Rethinking Performance Management: Areas of Focus for a Hybrid Work Environment
September 20th, 2022
In September 2022, we convened a roundtable for leaders to discuss how organizations should rethink their performance management practices within a hybrid work environment. This session was part of our ongoing study on modern performance management.
Thank you to all who participated, shared your experiences, and learned from one another!
The state of work
We started the discussion by setting a context around
- Changing employee expectations
- The struggles faced by managers
- Falling employee engagement levels
- The continuing challenges around retention and turnover
We shared our latest research on the topic, using our framework to help organizations think about performance management for a hybrid work environment—the “3C” framework.
Organizations should focus on culture, capability of managers, and connection.
Figure 1: The “3C” model for performance management in a hybrid work environment | RedThread Research, 2022
The overall discussion resulted in rich insights. To help understand how organizations should rethink performance management as they build long-term hybrid work policies, we focused on 3 areas:
- Culture: What is the role of culture in enabling employee performance in a hybrid work environment? How should organizations rethink their culture?
- Connection: What’s the role of connection between managers and employees in driving performance in a hybrid workplace? How can organizations enable such connections?
- Capability of managers: How has the role of managers changed, now that they are enabling performance in a hybrid workplace? How can organizations support managers in this role?
The roundtable generated a number of insights we thought worth highlighting. Here are our top 4 takeaways.
Understand the “Why” behind your performance management
A major theme was that leaders need to understand the purpose behind their performance management practices. Participants agreed that it was important for organizations to go back to their value proposition and be clear about what kind of organization they want to be. As one participant explained,
“Culture is where you start—not something where you add. You have to start with what culture you are enabling and what process or system you use to enable that culture. So often we do it backwards.”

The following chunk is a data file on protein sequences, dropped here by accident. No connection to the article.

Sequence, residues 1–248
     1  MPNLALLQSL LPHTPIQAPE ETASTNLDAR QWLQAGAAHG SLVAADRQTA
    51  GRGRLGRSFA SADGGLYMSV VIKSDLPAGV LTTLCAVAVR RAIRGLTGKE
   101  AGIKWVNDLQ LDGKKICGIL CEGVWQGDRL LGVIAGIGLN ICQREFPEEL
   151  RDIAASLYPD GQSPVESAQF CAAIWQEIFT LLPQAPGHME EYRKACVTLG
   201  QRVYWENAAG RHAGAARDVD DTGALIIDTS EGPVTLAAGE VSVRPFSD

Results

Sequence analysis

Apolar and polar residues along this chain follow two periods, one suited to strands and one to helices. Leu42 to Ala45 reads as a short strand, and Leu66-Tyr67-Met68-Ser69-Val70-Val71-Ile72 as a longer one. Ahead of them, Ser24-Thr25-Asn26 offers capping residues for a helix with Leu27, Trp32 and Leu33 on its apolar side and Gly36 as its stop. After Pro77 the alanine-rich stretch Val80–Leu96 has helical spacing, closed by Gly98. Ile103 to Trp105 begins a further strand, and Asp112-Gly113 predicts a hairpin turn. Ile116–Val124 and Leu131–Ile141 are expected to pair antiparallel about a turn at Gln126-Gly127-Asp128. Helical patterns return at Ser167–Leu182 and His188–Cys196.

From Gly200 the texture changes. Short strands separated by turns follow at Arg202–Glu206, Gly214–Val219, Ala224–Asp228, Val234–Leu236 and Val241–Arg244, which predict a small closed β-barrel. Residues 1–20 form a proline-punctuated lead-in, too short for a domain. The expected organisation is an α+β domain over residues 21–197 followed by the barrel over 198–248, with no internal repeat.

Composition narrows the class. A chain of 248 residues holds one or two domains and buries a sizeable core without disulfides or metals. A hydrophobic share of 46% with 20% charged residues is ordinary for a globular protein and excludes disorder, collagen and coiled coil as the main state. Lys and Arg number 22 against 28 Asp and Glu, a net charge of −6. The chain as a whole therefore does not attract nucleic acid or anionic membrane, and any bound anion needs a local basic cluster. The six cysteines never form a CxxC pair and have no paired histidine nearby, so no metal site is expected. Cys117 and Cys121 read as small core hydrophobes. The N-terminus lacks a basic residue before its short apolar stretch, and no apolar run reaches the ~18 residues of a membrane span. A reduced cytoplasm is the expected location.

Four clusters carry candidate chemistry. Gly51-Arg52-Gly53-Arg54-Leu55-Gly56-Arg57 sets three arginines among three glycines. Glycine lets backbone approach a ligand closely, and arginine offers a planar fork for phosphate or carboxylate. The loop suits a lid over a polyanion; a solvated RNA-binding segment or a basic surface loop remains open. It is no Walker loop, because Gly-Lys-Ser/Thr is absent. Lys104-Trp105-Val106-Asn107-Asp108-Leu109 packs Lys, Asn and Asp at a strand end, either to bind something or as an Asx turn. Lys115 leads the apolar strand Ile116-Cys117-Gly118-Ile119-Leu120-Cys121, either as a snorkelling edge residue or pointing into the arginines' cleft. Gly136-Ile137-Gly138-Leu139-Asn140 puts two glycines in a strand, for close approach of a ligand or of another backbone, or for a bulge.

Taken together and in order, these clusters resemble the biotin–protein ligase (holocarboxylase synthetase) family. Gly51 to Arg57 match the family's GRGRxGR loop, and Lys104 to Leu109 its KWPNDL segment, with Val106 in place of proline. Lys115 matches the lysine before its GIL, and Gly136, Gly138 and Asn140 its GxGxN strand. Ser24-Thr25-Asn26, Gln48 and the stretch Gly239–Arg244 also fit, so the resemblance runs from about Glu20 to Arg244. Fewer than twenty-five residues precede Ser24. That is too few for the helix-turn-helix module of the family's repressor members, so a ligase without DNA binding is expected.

Participants also discussed the powerful role culture plays in reinforcing desired behaviors and mitigating those that are not. By designing performance management practices around the culture and values important to the organization, leaders can drive employee engagement, enable constructive feedback, and provide deeper meaning and understanding of what they do.
Individuals have just as much responsibility for managing performance as managers
The role of individuals in their own performance management was a topic that came up frequently. Participants shared that managers and individuals need to be on the same page about taking equal responsibility for driving performance. As one of the participants put it,
“The age-old notion that the ownership of performance lies solely with managers needs to change.”
Individuals should also be accountable for building their connections. Participants agreed that while an organization can help identify which critical connections need to be built, individuals are responsible for building them.
Connections need to be intentional
Participants shared how connections have become integral to performance management in a remote work environment. Several of them spoke about practices that they have adopted to make connection building a part of their performance management and, as a result, part of their overall culture.
One of the participants explained,
“When we’re remote we tend to go straight to work. We need to be more intentional about how we’re spending our time and how we’re connecting.”
One of the leaders shared that their organization has created accountability maps that identify and tag the people that an individual needs to know to be successful in their role.
Technology can help build connections, but cannot be a substitute for meaningful conversations
Participants shared how they are using technology to drive opportunities for connection. For example, one of the leaders is leveraging tools to nudge people to have regular 1:1s and remind leaders if too much time has passed since they last connected with employees. Organizational network analysis was shared as an example of technology that can help organizations drive connections and uses metrics that show their impact on the business. One of the leaders explained,
“Organizations need to embrace the power of technology in helping drive connections and opportunities. With high burnout, relying on individuals to make connections can easily fall by the wayside.”
Another participant shared an example of a framework their company introduced to help managers establish trust and transparency and remove barriers that prevent employees from achieving their goals. They embedded the framework as part of existing processes through their technology, so that people don’t see it as an extra thing they need to do.
We were grateful for the open and vulnerable discussion during this roundtable. We welcome your suggestions, thoughts, and feedback at [email protected]